Mechanism of Thyroid Hormone Action
The pathway through which thyroid hormone controls metabolism begins with secretion of thyroxine and triiodothyronine by the thyroid, peripheral deiodination of about 1/3 of secreted T4 to T3, and uptake of the iodothyronines by passive and active mechanisms into the cell. Thyroid hormone in serum and in cell cytosol exists largely bound to proteins in a reversible equilibrium, with a tiny free fraction. It is this free fraction which equilibrates between serum and cells. Free hormone in the cell cytoplasm, and T3 generated from T4 within the cell diffuse into the nucleus and bind to thyroid hormone receptor proteins. These receptors may exist in the nucleoplasm, or, more likely, largely attached to DNA. Occupancy of receptors which are bound to specific sequences in DNA (thyroid response elements or TREs) leads to activation or repression of transcription, altered amounts of mRNA, and thus altered protein synthesis. It is the final alteration in amounts of specific proteins--enzymes, structural proteins, DNA binding proteins, which carry out the “physiologic” functions which we recognize as the increased metabolic activity seen as an individual moves from hypothyroidism to thyrotoxicosis. The key elements in this response are the thyroid hormone itself, the nuclear receptor proteins (TRs), and the TREs on hormone responsive genes.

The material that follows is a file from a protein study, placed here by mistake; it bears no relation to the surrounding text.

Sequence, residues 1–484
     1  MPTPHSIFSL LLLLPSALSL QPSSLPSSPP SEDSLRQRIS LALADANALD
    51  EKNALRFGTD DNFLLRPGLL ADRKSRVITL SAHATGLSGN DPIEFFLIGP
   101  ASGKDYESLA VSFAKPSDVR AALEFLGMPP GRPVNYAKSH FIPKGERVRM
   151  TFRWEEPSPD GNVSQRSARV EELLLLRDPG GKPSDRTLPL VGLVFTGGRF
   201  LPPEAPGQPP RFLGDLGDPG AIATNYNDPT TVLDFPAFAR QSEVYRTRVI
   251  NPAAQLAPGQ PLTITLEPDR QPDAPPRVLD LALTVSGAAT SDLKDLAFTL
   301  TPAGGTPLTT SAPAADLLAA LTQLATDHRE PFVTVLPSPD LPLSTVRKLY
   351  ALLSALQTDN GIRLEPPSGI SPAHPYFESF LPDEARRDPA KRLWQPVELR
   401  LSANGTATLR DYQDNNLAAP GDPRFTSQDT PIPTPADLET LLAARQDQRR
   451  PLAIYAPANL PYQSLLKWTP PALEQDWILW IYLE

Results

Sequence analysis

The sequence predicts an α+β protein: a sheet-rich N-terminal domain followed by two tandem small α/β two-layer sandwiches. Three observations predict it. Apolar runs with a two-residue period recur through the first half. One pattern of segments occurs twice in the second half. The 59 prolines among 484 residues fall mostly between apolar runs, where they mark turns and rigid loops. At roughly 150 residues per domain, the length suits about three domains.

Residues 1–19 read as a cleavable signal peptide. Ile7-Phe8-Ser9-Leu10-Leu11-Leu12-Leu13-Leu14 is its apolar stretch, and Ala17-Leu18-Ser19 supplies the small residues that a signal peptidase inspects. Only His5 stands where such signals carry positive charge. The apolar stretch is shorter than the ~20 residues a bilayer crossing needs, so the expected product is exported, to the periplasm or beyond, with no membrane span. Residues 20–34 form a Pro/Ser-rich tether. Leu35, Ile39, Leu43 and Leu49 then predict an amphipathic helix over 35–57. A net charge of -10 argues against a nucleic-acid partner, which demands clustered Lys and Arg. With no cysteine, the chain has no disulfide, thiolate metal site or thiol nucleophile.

KeywordsThyroid Hormone Thyroid Hormone Receptor Thyroid Hormone Action Euthyroid Sick Syndrome Bind Thyroid Hormone
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